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Title: Sustainable Ammonia Synthesis – Exploring the scientific challenges associated with discovering alternative, sustainable processes for ammonia production

Ammonia (NH3) is essential to all life on our planet. Until about 100 years ago, NH3 produced by reduction of dinitrogen (N2) in air came almost exclusively from bacteria containing the enzyme nitrogenase.. DOE convened a roundtable of experts on February 18, 2016. Participants in the Roundtable discussions concluded that the scientific basis for sustainable processes for ammonia synthesis is currently lacking, and it needs to be enhanced substantially before it can form the foundation for alternative processes. The Roundtable Panel identified an overarching grand challenge and several additional scientific grand challenges and research opportunities: -Discovery of active, selective, scalable, long-lived catalysts for sustainable ammonia synthesis. -Development of relatively low pressure (<10 atm) and relatively low temperature (<200 C) thermal processes. -Integration of knowledge from nature (enzyme catalysis), molecular/homogeneous and heterogeneous catalysis. -Development of electrochemical and photochemical routes for N2 reduction based on proton and electron transfer -Development of biochemical routes to N2 reduction -Development of chemical looping (solar thermochemical) approaches -Identification of descriptors of catalytic activity using a combination of theory and experiments -Characterization of surface adsorbates and catalyst structures (chemical, physical and electronic) under conditions relevant to ammonia synthesis.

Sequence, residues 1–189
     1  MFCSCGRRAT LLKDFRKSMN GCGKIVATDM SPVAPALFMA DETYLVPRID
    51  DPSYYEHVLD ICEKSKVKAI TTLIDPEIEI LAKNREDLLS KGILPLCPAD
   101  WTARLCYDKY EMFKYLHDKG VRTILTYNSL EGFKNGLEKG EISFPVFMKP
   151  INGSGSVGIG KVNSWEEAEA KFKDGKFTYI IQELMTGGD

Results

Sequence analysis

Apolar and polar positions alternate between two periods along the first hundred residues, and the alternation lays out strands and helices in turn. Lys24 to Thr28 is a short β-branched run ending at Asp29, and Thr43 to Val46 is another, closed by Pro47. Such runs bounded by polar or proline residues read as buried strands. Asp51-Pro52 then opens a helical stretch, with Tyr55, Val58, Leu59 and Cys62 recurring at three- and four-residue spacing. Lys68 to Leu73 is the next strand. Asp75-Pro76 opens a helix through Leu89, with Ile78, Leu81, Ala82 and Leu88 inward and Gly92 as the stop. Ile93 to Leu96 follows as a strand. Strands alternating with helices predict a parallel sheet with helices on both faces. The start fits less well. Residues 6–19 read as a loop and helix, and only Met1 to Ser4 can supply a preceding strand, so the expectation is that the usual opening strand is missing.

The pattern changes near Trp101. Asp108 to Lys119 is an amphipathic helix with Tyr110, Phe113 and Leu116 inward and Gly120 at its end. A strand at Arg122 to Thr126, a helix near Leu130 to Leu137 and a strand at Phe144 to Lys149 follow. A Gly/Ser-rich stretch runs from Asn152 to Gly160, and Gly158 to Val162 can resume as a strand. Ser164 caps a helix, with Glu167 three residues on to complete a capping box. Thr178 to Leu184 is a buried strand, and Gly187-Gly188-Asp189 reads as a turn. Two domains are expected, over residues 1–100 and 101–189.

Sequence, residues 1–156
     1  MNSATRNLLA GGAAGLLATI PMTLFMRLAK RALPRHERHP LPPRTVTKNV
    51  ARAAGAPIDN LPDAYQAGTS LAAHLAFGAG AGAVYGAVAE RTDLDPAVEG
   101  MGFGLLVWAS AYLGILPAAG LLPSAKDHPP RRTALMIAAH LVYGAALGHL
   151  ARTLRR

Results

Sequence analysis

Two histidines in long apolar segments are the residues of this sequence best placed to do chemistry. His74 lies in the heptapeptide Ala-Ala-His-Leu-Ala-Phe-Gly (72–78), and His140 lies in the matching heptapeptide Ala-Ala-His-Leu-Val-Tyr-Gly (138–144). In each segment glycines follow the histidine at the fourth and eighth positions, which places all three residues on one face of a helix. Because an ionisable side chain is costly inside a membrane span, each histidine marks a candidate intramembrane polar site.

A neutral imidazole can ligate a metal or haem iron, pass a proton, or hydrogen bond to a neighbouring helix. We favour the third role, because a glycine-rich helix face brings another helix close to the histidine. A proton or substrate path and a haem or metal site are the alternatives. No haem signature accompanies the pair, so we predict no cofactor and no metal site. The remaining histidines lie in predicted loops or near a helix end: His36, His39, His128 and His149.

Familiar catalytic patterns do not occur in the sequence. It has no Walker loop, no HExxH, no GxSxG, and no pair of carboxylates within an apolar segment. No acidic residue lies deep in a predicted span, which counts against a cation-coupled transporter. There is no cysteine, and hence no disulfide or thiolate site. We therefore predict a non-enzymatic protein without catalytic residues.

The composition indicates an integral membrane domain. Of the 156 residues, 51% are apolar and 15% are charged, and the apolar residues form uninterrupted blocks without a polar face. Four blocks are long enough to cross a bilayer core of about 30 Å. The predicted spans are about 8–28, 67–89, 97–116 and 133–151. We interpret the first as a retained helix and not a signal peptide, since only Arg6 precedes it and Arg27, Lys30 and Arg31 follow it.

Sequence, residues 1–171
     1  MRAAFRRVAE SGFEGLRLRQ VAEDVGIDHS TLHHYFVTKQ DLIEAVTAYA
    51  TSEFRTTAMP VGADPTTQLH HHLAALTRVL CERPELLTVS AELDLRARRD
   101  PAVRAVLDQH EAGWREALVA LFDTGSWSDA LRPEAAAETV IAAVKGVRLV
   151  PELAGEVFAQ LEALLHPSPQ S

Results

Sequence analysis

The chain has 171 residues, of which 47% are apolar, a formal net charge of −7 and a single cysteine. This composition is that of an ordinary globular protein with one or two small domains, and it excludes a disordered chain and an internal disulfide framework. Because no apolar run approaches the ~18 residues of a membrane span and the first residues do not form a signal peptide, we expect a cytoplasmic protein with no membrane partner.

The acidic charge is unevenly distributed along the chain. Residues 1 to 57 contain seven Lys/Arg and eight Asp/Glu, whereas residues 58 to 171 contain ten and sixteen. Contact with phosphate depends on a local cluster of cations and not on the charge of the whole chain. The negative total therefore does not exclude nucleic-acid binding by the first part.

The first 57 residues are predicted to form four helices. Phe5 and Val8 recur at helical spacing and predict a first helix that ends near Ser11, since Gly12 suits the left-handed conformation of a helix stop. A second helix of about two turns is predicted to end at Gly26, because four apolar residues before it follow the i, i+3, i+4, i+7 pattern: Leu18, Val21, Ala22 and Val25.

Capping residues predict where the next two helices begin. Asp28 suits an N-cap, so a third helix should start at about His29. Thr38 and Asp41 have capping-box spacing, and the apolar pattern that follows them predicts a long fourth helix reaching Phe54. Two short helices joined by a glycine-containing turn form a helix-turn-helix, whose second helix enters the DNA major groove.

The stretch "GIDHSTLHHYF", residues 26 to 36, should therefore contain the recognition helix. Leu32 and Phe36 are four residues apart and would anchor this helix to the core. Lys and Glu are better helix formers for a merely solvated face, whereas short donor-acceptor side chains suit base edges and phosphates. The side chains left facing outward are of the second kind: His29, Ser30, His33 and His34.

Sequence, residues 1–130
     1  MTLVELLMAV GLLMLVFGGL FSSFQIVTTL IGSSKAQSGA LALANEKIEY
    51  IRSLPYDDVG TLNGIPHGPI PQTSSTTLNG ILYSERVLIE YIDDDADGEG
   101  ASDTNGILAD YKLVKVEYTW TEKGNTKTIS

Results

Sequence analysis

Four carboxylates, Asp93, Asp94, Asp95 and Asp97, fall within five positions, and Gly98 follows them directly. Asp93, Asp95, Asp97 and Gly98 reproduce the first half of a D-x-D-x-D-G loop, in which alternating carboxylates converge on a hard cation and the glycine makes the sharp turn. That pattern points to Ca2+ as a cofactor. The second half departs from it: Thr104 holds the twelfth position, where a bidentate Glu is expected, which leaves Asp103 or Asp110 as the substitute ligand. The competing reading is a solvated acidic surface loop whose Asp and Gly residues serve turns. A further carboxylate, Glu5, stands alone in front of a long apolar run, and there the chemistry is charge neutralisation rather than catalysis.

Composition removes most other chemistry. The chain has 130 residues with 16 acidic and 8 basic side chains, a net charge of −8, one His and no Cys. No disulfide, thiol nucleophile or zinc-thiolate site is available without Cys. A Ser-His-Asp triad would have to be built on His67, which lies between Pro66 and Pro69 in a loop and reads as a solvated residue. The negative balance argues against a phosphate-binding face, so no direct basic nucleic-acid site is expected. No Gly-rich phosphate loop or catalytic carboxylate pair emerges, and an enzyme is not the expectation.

[1] ;  [2] ;  [3] ;  [3] ;  [3]
  1. Stanford Univ., CA (United States); ; SLAC National Accelerator Lab., Menlo Park, CA (United States)
  2. Columbia Univ., New York, NY (United States); Brookhaven National Lab. (BNL), Upton, NY (United States)
  3. Dept. of Energy (DOE), Washington DC (United States). Office of Science
Publication Date:
OSTI Identifier:
Resource Type:
Program Document
Research Org:
US DOE Office of Science
Sponsoring Org:
USDOE Office of Science (SC), Basic Energy Sciences (BES) (SC-22)
Country of Publication:
United States